Posted: Feb 6, 2017
The Relationship between Female Genital Mutilation and HIV Transmission in Sub-Saharan Africa
Female genital mutilation (FGM) is an age-old practice that has since been linked with many health problems. This review aims to highlight some of the controversies trailing the relationship between FGM and HIV transmission in sub-Saharan Africa. A literature search was conducted on the subject matter. This was done using articles published in English while limiting the geographical coverage to sub-Saharan Africa. Three themes were noted. These themes include: Direct causal link between FGM and HIV transmission; indirect causal link between FGM and HIV transmission and a negative or no association between FGM and HIV transmission. While many of the arguments are within scientific reasoning, the researches supporting the views seem to lack the necessary objectivity. This study underscored the need for a more objective lens in viewing and conducting research on the relationship between FGM and HIV transmission in sub-Saharan Africa.
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African Journal of Reproductive Health December 2013 (Special Edition on HIV/AIDS); 17(4): 158
Posted: Feb 6, 2017
Female Genital Cutting and HIV Transmission: Is There an Association?
Female Genital Cutting (FGC) refers to the practice of surgically removing all or part of the female external genitalia for non-medical purposes. It is a common practice in many countries in Africa, the Middle East, and to a lesser extent, Asia. Over 130 million women worldwide have undergone this procedure, and over 2 million women and girls are sub-ject to it every year. Various complications have been described, including infection, hemorrhage, genitourinary and obstetric complications, as well as psychological sequelae. Since the beginning of the HIV epidemic, a few reports have also described a potentially elevated risk of HIV transmission among women with FGC. In this report, we aim to review the evidence and identify unanswered questions and research gaps regarding a potential association between FGC and HIV transmission.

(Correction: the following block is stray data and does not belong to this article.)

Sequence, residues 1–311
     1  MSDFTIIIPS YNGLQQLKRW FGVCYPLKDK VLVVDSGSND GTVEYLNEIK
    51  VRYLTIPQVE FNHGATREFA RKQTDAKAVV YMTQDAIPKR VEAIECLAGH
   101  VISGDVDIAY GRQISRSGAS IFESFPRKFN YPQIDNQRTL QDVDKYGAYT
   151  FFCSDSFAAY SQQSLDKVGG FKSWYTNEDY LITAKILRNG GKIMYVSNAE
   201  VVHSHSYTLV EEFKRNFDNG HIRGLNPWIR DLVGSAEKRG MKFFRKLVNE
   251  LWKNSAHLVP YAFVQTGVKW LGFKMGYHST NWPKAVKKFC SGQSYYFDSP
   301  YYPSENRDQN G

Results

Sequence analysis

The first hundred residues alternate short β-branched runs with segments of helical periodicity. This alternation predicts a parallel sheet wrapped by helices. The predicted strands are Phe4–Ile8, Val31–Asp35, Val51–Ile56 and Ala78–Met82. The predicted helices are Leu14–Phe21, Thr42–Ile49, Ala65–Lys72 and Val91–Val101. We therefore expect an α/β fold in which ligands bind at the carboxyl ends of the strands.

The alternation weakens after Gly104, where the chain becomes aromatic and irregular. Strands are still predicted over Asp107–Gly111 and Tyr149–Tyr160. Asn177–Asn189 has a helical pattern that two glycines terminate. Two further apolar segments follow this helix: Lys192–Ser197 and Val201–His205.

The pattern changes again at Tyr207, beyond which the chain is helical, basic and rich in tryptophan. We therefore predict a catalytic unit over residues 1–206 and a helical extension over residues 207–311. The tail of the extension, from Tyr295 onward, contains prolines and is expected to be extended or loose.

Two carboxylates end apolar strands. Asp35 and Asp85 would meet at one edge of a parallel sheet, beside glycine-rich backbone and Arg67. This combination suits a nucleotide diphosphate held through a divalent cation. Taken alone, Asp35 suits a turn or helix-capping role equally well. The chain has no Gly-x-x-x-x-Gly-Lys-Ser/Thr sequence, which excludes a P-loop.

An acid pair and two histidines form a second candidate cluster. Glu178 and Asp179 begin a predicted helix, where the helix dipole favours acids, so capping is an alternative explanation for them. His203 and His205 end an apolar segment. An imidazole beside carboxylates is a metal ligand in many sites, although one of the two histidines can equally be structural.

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Diouf K., Nour N. Female genital cutting and HIV transmission: is there an association?. Am J Reprod Immunol 2013; 69 (Suppl. 1): 45–50
Posted: Nov 18, 2016
Providing comprehensive health services for young key populations: needs, barriers and gaps
Introduction: Adolescence is a time of physical, emotional and social transitions that have implications for health. In addition to being at high risk for HIV, young key populations (YKP) may experience other health problems attributable to high-risk behaviour or their developmental stage, or a combination of both.
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Methods: We reviewed the needs, barriers and gaps for other non-HIV health services for YKP. We searched PubMed and Google Scholar for articles that provided specific age-related data on sexual and reproductive health; mental health; violence; and substance use problems for adolescent, youth or young sex workers, men who have sex with men, transgender people, and people who inject drugs.